JSP Visual Week In Review ~ 02.06.21
Ok! Here we are. We made it through January and all that entailed.
Got through New Year’s day, urban terrorists storming the Capitol, the new administration being inaugurated, the Bernie Sander meme, and our first snowstorm of 2021, at least here in NJ.
Oh, and a new vaccine is on the horizon, which is what kept me super busy this week and not shooting to much, nor getting out for my daily rambles. (My favorite trails being snowed in didn’t help, either.)
I also had Zoom calls after the normal work hours (my neighborhood is fighting a warehouse project and our Redbirds recreation baseball league had a board meeting. Yeah, another little thing to keep me busy – on the Board and coaching again as well.)
But we’re here now. Keep the chains moving and the wheels spinning.
And back up all the January work!
This Week’s Links
What I Read This Week: Finally finished The Five Red Herrings. To be honest, I quite lost interest in it, so flipped to last chapter and finished if that way. It counts, folks. I read more than half of it, but life’s to short to be mired in a book you’re not interested in. Still working on The Bloody Spur (ironically, the film noir version, While The City Sleeps, was on this week, and I watched it.) I also started The Shadow Of The Bull
What I Watched This Week: See above.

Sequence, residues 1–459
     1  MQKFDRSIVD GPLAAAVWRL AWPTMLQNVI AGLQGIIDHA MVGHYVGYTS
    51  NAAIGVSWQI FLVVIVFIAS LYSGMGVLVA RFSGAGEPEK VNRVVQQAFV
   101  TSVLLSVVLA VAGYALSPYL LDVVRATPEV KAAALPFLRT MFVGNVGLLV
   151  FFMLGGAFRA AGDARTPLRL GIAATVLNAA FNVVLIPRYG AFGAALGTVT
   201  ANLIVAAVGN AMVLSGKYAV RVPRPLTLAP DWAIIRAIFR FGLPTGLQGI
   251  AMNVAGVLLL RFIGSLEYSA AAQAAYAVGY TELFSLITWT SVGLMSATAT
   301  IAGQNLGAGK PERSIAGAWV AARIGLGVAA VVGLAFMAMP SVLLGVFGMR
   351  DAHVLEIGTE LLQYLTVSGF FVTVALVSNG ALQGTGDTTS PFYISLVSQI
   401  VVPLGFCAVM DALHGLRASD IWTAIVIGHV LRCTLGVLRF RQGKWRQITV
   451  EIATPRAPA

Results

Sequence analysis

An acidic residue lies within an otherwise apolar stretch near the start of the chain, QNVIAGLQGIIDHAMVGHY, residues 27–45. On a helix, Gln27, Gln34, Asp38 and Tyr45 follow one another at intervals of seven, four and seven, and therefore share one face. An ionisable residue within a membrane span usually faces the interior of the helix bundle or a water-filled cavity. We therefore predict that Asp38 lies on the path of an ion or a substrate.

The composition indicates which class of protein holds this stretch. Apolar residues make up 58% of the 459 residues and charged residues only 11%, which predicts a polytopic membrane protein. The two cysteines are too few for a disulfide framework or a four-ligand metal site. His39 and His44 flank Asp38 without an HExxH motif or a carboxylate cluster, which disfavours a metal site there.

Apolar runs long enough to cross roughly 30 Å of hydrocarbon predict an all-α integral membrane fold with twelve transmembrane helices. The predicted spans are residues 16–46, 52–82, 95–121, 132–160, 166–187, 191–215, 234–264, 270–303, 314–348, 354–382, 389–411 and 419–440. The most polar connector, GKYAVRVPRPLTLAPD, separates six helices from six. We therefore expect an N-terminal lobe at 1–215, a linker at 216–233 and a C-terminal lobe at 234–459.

What I Made This Week: Coconut Curry Chicken. Superb.
Listen: The Photo Banter interview with William Albert Allard
Look: Three films I admire for their use of color
Blind Magazine: Inside the LAPD in the 1990s
NY Times: Documentary photography on the rise.
No Film School: Roger Deakins and his philosophy on cinematography
Joe McNally: His Super Bowl memory
From the Archives: The Blue Jacket Fashion Show, to raise awareness about prostate cancer went virtual this week. I missed shooting it, like last year
RIP Ricky Powell, aka The Lazy Hustler, who documented the rise of hip-hop in the 1980s. (This one caught me. I’ve been following him on Instagram for a couple of years.)
“A photographer’s main instrument is his eyes. Strange as it may seem, many photographers choose to use the eyes of another photographer, past or present, instead of their own. Those photographers are blind.” ~ Manuel Álvarez Bravo
© Mark V. Krajnak | JerseyStyle Photography | All Rights Reserved 2021